Ekiti NUJ chides Senate over hate-speech bill
Don warns against gagging media
The Nigeria Union of Journalists (NUJ), Ekiti State Chapter, has berated the Senate for the introduction of the hate-speech bill, which seeks death penalty for offenders in the country.
Chairman of NUJ in Ekiti State, Mr. Rotimi Ojomoyela, who spoke at a public lecture delivered by Rector of Federal Polytechnic, Ile-Oluji, Ondo State, Prof. Adedayo Fasakin, as part of activities for the 2019 press week of the union, said the bill, when passed, would be against the masses in the country. He, however, urged the Senate to redirect its energy to bills that would help in transforming the economy of the country and creating jobs for our teeming population of youths who are jobless.
According to him: “NUJ is against that bill because that bill will be used against the Nigerian masses. It is going to be used against opinions of the citizens and we should not forget that our constitution allows for the citizens to express their views. That bill amounts to duplicity of efforts.
“The National Assembly should be busy with things that are central to the improvement of lives of the people. It is when people do not have what to do that they go on social media but when we have employment opportunities, our people will be busy. They should create enabling environment for business to thrive instead of these inanities.”
Fasakin, who spoke on “Good Journalism: Impetus for Good Governance and National Development,” warned that the media must be given unfettered freedom to perform their constitutional role of watchdog.He said that journalists too must be ready to join hands with government through their reportage in ending the growing insecurity, corruption and other vices in the country, saying that the media have contributed in no small measure for the enthronement of good governance and nation’s development from the founding of the first newspaper, ‘Iwe Iroyin’ by Rev. Henry Townsend in Abeokuta, Ogun State.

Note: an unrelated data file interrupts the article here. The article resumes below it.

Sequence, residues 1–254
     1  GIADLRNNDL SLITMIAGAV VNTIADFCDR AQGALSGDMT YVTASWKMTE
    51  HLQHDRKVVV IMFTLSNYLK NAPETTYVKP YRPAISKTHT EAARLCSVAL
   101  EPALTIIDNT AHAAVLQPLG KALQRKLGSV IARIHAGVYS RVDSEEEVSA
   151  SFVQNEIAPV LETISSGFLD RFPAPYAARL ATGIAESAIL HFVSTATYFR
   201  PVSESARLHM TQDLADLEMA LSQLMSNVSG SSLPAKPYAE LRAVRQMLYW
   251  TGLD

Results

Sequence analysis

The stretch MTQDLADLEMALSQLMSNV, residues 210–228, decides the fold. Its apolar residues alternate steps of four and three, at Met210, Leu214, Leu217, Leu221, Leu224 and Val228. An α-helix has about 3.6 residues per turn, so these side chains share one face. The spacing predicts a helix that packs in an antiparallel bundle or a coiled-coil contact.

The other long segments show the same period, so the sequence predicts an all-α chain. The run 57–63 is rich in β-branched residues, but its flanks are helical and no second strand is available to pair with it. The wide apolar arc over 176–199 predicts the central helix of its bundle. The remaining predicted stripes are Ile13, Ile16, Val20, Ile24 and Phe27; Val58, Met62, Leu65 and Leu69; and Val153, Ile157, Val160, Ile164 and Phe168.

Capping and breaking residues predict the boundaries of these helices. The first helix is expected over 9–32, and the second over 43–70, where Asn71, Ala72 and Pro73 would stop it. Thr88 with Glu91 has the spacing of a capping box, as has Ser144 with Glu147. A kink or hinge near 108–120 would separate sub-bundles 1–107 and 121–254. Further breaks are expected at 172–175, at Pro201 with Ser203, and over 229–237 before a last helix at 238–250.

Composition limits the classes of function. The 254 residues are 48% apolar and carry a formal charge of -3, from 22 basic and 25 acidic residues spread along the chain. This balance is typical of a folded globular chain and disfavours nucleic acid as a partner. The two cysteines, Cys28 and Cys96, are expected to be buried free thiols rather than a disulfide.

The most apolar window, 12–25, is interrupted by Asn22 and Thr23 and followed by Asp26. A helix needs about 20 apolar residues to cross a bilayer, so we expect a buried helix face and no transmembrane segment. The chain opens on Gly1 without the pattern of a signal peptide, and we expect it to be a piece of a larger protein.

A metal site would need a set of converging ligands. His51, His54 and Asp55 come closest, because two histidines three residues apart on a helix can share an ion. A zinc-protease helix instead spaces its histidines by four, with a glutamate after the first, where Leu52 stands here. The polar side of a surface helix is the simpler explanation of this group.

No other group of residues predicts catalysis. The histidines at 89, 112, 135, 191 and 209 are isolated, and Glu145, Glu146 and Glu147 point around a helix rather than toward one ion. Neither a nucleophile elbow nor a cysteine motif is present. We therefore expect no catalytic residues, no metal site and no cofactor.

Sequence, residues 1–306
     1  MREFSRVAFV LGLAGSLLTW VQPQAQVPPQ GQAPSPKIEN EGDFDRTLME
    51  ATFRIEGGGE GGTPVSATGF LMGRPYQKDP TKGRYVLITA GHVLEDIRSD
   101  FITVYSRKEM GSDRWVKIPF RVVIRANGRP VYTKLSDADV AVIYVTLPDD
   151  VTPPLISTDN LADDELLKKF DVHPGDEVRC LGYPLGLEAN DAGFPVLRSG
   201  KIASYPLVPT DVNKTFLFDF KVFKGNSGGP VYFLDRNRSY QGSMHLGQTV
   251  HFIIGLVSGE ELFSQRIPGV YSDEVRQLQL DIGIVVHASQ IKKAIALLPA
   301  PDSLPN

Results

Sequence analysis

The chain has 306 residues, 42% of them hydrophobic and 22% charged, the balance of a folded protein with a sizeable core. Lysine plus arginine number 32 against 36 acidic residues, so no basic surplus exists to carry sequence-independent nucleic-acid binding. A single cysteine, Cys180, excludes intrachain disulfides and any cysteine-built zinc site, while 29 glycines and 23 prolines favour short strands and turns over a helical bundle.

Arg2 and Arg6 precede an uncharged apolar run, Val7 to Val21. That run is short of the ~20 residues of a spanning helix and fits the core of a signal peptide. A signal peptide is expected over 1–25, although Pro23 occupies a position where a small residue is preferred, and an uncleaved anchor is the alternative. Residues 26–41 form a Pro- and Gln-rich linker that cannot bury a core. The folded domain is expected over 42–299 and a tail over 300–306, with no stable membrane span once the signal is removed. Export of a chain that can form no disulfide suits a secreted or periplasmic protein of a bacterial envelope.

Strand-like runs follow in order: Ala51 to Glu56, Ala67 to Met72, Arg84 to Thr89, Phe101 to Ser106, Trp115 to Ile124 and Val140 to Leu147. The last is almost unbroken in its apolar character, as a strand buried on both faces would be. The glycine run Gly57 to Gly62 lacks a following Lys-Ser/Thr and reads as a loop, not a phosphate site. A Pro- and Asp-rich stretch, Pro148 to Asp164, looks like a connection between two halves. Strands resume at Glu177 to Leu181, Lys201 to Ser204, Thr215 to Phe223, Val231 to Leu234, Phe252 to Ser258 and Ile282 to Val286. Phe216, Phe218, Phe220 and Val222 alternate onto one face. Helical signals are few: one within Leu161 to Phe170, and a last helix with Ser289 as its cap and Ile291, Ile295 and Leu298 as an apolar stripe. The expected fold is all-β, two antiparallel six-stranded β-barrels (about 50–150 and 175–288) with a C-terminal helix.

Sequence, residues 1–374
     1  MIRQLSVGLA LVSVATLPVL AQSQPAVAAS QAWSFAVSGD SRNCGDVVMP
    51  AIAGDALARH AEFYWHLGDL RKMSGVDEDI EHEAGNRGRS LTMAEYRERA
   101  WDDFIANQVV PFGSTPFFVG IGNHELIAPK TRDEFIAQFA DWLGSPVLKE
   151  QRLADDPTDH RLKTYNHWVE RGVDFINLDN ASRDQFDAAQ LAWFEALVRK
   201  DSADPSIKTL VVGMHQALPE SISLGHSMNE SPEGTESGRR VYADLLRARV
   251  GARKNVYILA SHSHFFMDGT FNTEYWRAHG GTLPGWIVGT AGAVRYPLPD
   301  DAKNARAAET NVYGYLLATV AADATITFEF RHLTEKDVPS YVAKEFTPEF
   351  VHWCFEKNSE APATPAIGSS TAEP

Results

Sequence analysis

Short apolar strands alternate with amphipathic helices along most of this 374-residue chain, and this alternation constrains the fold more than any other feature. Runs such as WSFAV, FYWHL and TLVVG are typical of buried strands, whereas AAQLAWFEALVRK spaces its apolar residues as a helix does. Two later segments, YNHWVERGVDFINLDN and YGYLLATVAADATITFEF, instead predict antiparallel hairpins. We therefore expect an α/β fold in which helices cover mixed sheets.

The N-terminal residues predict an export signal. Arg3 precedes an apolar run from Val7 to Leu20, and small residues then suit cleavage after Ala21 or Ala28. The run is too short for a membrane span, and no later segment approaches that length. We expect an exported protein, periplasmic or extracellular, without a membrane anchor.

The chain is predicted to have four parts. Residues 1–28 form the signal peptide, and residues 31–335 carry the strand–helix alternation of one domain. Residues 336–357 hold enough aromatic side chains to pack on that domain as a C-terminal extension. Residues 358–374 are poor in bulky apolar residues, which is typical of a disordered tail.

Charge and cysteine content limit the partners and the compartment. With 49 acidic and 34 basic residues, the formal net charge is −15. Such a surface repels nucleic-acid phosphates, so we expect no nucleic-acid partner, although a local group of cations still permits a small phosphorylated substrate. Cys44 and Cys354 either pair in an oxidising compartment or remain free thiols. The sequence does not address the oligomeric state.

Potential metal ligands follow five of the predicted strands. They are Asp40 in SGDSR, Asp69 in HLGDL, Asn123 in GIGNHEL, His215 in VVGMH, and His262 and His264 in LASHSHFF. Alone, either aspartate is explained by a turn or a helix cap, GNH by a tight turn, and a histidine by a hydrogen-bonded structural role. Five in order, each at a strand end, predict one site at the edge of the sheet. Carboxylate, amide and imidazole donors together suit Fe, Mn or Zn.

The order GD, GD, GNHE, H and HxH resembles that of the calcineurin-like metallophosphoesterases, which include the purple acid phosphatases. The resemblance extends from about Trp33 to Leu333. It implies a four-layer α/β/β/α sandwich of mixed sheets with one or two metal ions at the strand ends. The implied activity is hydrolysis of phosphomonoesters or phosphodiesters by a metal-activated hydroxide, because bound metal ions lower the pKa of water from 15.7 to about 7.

While advising government at all levels against gagging the media, the rector urged journalists to keep to their roles in setting agenda for the government in the overall interest of the country, adding: “The media are not just nominally referred to as the Fourth Estate, this nomenclature is borne out of the humongous responsibilities expected of practitioners of journalism. Government at all levels must realise that everyone, especially the press, must be allowed to play its watchdog roles.
“However, journalists must ensure that professionalism guides their conduct and practice all of the time. In the world where proclivity for fake news is uncontrollably high and the practice of sensationalism over substance is rife, they must ensure that the principle of gate-keeping is sacrosanct.”
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